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Asaba: Memories of war

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“The stupid neither forgive nor forget.  The naïve forgive and forget.  The wise never forget but forgive.” —Thomas Szasz

As the Asaba community both at home and in the Diaspora, prepare for this year’s memorial ceremonies in honour of the victims of the October 7, 1967 massacre in the town, it is perhaps an opportunity for a sober reflection on the unfortunate civil war, focusing particularly on Biafra’s controversial thrust into Midwestern Nigeria on that August 9, 1967 – a thrust which saw Asaba, Benin and a host of other towns fall in quick succession, but eventually tragically got lost due to a strange quirk of fate.

In retrospect, one cannot but agree with Gen. Alexander Madiebo that “despite the unfortunate development in the course of the campaign, Biafra did the best thing at the time to have undertaken the campaign”.  Rationalizing the operation, Madiebo explained among other things that “we did it not to conquer Nigeria but to force her to bring the war to an end and start negotiations.  It also relieved pressure on our own troops in the northern sectors of the war, particularly Nsukka from where the enemy withdrew the bulk of the troops with which they initially fought back.”

What many people did not know at the time is that it was the then Israeli Ambassador to Nigeria, according to Ojukwu, that sold the idea of the operation to him, having noticed a chink in the federal armour on the western flank of the River Niger.  In fact, six years later in 1973, Israel achieved a decisive victory in her fourth war with Egypt, adopting the same strategy.  Recall that in the Yom Kippur war, which the Arabs surprisingly launched against the Jewish state on October 6, 1973 while the latter was relaxing and celebrating the Holiest Day in the Jewish calendar, Egypt and Syria launched an elaborate attack featuring 5,000 armoured tanks on the Egyptian side and about half as many on the Syrian side.  Within three days of fighting Israel’s first line of defence had crumbled.  Besides the stunning collapse of her Bar-Lev-line in the Sinai Desert reputed to be the strongest fortress in the world, a sizeable percentage of her legendary air force had also been destroyed by Soviet-made ground-air missiles, while the enemy continued to blaze away in high morale.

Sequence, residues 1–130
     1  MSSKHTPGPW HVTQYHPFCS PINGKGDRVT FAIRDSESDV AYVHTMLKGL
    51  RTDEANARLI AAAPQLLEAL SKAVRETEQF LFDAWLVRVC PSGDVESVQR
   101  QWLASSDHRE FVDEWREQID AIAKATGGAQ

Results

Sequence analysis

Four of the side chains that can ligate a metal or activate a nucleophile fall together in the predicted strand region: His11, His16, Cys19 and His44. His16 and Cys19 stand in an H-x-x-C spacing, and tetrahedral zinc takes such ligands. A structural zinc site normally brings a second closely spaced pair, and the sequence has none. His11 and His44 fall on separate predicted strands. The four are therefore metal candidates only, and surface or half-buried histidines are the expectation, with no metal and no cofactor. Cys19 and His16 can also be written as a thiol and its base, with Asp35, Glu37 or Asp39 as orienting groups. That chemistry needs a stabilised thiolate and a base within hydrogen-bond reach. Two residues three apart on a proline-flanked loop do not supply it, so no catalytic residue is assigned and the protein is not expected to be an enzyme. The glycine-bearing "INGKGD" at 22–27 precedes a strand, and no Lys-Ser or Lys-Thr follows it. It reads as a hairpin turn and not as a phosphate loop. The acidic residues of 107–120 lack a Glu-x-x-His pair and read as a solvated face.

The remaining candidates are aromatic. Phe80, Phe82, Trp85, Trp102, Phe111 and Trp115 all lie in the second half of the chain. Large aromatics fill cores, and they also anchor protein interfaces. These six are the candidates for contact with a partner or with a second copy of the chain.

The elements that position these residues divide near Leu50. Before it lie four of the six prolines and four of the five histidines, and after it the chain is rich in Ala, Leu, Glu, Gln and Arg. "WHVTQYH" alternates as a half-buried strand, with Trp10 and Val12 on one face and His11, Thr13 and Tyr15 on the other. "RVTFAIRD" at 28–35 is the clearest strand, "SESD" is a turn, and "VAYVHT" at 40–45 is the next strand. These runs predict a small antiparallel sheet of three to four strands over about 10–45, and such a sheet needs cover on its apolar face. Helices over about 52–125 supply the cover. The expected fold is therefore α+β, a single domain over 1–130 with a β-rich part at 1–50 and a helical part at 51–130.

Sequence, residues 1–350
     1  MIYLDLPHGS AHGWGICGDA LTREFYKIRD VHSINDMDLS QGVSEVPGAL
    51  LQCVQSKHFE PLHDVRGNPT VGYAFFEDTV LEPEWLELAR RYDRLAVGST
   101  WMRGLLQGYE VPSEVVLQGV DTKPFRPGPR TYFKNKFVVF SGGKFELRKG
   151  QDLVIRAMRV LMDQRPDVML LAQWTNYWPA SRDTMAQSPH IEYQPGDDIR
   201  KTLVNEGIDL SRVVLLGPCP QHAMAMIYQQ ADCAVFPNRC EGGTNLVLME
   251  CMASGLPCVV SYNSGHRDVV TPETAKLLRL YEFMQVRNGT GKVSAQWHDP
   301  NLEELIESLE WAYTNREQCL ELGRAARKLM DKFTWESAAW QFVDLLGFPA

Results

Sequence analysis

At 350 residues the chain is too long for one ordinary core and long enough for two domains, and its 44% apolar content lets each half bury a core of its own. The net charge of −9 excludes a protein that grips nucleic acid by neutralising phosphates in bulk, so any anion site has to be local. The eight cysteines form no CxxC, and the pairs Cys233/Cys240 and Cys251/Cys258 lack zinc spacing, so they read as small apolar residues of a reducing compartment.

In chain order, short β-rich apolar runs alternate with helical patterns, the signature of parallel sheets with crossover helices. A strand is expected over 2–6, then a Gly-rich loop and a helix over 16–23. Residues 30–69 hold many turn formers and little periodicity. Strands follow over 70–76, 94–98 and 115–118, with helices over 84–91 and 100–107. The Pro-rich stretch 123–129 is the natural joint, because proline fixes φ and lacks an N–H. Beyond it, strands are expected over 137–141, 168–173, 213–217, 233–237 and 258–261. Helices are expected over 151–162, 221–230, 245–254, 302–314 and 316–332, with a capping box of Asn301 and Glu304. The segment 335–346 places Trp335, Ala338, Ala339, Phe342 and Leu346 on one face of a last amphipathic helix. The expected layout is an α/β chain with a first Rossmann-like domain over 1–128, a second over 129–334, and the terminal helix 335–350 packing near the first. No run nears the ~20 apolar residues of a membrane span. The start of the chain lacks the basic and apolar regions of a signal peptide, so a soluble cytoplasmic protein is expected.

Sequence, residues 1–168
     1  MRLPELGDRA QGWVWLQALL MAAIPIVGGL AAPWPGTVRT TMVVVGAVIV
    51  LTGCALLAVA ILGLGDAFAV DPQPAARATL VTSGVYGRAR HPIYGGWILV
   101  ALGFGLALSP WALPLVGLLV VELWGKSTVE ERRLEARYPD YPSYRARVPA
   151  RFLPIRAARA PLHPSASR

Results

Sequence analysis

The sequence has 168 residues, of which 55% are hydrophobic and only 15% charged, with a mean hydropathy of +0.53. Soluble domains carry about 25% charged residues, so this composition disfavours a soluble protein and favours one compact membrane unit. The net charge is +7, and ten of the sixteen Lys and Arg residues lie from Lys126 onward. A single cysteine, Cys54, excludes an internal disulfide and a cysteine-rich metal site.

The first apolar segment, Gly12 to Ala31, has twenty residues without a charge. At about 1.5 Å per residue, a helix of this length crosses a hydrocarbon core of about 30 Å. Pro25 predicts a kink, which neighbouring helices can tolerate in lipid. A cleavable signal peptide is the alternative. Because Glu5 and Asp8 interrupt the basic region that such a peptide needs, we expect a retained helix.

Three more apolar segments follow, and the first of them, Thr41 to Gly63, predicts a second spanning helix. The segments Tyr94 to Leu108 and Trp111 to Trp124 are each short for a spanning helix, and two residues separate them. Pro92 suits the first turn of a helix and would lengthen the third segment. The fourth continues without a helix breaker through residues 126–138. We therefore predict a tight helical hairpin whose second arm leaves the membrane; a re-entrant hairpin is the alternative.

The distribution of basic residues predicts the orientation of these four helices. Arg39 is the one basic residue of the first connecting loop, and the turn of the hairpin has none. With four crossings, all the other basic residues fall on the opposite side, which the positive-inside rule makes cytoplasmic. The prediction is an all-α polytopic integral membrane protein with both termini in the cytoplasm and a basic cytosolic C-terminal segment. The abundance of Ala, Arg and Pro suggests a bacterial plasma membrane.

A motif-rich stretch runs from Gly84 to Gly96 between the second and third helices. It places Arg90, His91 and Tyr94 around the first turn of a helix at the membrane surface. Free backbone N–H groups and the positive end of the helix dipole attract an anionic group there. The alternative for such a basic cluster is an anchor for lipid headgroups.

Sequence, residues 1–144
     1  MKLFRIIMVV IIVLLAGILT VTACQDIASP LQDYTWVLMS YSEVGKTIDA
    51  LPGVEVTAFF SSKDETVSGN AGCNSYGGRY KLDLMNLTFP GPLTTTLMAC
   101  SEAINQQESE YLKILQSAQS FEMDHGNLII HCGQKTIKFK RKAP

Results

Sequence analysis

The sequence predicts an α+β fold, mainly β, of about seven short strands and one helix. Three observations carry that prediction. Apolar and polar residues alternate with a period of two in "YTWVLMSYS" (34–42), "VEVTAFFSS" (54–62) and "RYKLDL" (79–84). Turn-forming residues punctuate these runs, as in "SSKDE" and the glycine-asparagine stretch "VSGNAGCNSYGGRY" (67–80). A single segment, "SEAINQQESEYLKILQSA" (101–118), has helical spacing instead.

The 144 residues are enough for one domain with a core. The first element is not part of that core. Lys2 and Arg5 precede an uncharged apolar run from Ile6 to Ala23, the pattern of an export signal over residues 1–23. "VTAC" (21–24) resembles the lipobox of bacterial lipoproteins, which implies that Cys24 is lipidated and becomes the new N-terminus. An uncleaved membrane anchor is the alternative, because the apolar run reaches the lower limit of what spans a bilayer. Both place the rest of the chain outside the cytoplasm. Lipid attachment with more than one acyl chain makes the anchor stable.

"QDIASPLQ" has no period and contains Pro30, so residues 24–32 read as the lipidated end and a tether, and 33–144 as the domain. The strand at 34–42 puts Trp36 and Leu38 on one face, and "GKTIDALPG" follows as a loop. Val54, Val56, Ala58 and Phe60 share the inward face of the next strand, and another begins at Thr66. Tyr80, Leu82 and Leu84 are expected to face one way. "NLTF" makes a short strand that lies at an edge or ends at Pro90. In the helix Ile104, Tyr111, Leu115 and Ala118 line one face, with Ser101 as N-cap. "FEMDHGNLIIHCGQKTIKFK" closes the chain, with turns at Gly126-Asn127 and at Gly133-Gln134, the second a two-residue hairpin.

The Israeli Prime Minister, Mrs. Golda Meir, a woman known rather to be a stoic, wept openly seeing the heaviest casualty figures ever in Israeli history.  But the war suddenly took a dramatic twist as from October 9, when the Israelis took over the initiative and launched a counter –offensive, after noticing a chink in the Egyptian armour across the western bank of the Suez Canal.  Crossing the canal under cover of night using Pontoons, an Israeli general fresh from retirement deftly ferried troops and heavy armour across the water, established a bridgehead and swiftly advanced towards a nearby expressway to Cairo, the Egyptian capital, thus cutting off a huge chunk of the Egyptian army in the forward lines.

Simultaneously, the same scenario was being replicated on the Syrian sector, where a column of Israeli troops was advancing along Damascus highway.  By the time the Israelis got to a shelling range of both cities, sensing clear disaster, President Anwar Sadat of Egypt called Moscow which reached out to Washington, and Henry Kissinger, America’s secretary of State, collaborating with the UN, effected a ceasefire on October 24, leading to the ultimate Camp David Peace Treaty signed by Israel and Egypt in March, 1979.